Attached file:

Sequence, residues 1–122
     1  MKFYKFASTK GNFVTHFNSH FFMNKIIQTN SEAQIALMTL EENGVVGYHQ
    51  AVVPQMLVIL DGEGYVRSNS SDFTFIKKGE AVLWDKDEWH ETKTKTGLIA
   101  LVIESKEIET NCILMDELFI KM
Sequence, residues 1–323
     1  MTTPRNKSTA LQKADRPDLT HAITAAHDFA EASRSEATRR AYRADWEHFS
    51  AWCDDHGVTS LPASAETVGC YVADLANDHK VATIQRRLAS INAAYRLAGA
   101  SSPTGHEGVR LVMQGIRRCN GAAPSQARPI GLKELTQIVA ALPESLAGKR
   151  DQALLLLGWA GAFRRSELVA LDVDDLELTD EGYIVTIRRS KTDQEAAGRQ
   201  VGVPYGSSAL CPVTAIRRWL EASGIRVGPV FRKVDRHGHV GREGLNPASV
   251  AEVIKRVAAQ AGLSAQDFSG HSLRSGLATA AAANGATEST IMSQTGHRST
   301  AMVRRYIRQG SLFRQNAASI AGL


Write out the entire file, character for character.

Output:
Sequence, residues 1–122
     1  MKFYKFASTK GNFVTHFNSH FFMNKIIQTN SEAQIALMTL EENGVVGYHQ
    51  AVVPQMLVIL DGEGYVRSNS SDFTFIKKGE AVLWDKDEWH ETKTKTGLIA
   101  LVIESKEIET NCILMDELFI KM
Sequence, residues 1–323
     1  MTTPRNKSTA LQKADRPDLT HAITAAHDFA EASRSEATRR AYRADWEHFS
    51  AWCDDHGVTS LPASAETVGC YVADLANDHK VATIQRRLAS INAAYRLAGA
   101  SSPTGHEGVR LVMQGIRRCN GAAPSQARPI GLKELTQIVA ALPESLAGKR
   151  DQALLLLGWA GAFRRSELVA LDVDDLELTD EGYIVTIRRS KTDQEAAGRQ
   201  VGVPYGSSAL CPVTAIRRWL EASGIRVGPV FRKVDRHGHV GREGLNPASV
   251  AEVIKRVAAQ AGLSAQDFSG HSLRSGLATA AAANGATEST IMSQTGHRST
   301  AMVRRYIRQG SLFRQNAASI AGL